In the kingdom of Heaven, each of us has special gifts and abilities that were given to us by the Father. Some of us are seed planters or “baiters”. We test the soil or waters and when the timing is right, we drop just the right amount of bait. Then we wait for the Holy Spirit to do the rest. Some of us are water-ers or “reelers”. After our fish is caught, we gently guide him toward the path of righteousness, softly sprinkling the soil with the Truth, or the Word of God. Some of us are just fortunate enough to be harvesters. We have the pleasure of landing our newly formed convert into the boat, which is Heaven.
For the experienced angler, the greatest part of the sport is the challenge itself. They know that there will be days when the only thing caught is a cold from being out in the elements too long. The excitement comes from setting out anyway, braving the muddy waters, rocky terrain, or intense heat regardless of the outcome. Even though they know that they probably will not catch anything that day, they are still excited because they are outside and embracing their calling. For those of us who strive to make more disciples, there is a thrill beyond description when we know we have planted, watered, or harvested a hungry seed. It makes no difference what part we played or how long or short the journey to get there. To see a loved one come to a saving knowledge of the Lord Jesus Christ, this might be as close to catching a 20- pounder as we will ever know. The joy cannot be contained and somehow lives on in the retelling for ages to come.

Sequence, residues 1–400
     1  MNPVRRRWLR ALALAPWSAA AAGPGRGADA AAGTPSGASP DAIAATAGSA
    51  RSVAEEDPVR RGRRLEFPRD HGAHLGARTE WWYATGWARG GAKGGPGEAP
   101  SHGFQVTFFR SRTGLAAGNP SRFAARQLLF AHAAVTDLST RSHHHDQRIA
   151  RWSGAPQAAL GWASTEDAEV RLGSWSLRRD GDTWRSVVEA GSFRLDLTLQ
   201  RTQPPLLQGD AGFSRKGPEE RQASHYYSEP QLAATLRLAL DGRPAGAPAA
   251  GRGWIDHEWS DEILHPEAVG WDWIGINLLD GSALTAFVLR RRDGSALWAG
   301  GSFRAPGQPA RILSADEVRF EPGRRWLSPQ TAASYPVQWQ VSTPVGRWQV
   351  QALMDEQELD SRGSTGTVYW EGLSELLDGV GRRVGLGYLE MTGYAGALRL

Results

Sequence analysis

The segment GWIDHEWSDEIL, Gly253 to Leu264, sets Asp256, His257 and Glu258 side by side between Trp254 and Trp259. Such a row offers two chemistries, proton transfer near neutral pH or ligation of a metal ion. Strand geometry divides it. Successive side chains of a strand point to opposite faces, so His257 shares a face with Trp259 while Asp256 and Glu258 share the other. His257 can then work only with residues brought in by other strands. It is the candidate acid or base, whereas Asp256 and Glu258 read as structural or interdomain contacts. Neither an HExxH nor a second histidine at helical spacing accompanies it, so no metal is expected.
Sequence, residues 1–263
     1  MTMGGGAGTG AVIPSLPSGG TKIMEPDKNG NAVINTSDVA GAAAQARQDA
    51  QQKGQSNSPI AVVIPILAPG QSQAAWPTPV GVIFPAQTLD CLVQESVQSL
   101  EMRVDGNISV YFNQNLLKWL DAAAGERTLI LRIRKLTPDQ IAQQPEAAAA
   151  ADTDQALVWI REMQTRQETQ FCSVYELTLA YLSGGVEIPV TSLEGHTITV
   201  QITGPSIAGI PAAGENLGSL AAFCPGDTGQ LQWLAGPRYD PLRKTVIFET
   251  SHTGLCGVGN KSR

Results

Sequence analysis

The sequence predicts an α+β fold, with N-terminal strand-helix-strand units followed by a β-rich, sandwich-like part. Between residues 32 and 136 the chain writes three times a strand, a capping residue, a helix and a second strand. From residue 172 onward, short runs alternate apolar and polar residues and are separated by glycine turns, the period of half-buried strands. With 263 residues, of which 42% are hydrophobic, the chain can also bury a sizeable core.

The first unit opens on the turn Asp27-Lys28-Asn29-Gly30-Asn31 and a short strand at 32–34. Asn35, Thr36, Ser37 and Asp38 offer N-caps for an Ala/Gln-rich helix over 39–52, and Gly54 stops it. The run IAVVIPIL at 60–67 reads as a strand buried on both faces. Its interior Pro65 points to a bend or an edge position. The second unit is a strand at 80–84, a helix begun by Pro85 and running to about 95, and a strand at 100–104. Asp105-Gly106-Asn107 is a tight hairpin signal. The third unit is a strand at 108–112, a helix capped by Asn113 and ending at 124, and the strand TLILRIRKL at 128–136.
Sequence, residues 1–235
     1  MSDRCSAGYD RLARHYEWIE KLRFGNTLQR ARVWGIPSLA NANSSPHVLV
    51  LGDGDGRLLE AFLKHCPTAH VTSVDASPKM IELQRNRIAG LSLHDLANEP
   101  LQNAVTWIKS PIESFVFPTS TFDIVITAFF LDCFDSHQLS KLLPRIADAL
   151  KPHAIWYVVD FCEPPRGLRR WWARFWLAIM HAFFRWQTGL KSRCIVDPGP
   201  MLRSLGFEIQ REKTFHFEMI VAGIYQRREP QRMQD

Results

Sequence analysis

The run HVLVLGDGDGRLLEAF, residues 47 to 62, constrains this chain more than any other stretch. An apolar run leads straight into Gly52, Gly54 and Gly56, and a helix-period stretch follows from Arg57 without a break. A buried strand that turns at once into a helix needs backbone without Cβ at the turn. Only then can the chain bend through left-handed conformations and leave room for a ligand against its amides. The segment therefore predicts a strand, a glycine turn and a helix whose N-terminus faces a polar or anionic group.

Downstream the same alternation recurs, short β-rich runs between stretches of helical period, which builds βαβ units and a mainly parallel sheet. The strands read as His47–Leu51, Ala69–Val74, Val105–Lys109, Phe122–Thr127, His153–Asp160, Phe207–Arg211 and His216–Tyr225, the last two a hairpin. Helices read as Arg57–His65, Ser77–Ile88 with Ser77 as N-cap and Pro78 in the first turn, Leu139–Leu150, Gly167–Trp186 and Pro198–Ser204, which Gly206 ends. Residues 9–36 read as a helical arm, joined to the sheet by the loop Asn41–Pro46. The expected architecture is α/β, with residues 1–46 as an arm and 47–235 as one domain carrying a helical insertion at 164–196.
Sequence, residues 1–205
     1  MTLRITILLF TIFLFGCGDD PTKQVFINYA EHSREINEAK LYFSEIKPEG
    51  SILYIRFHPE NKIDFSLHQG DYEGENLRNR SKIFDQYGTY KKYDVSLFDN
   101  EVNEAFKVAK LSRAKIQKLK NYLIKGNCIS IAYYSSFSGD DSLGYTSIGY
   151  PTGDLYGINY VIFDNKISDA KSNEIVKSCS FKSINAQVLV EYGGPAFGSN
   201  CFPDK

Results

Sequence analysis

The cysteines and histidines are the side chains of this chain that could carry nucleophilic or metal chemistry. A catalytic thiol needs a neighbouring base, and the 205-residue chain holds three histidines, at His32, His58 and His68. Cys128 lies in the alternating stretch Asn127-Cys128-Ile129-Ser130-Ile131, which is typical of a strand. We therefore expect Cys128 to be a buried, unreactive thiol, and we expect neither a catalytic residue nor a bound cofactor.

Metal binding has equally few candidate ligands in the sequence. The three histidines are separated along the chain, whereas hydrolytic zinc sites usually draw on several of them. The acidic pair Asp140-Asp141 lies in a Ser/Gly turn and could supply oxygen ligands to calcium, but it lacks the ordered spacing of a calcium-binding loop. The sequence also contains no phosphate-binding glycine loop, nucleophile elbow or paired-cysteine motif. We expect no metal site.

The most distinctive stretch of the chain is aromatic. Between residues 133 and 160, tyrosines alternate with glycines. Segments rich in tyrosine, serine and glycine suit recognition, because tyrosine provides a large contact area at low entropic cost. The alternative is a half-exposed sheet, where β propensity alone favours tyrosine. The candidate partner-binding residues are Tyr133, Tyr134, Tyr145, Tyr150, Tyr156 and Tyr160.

Sherry Castelluccio 2009
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I'm blessed reading this article. I am not into fishing but the illustration for witnessing is superb! Even Jesus used this illustration when he said, "I will make you fishers of men." For me, witnessing takes a lot of practice, at times my own weaknesses prevented me from doing so, fear of rejection is also a hindrance. I learn that praying before witnessing to someone is very important. Let the Holy Spirit lead us to the right time and place, and a loving and compassionate heart for the lost. And yes, if possible, use words. Let our Christian living speaks for itself. Thanks Sis. for the awesome message of your beautifully written article. Love, Gloria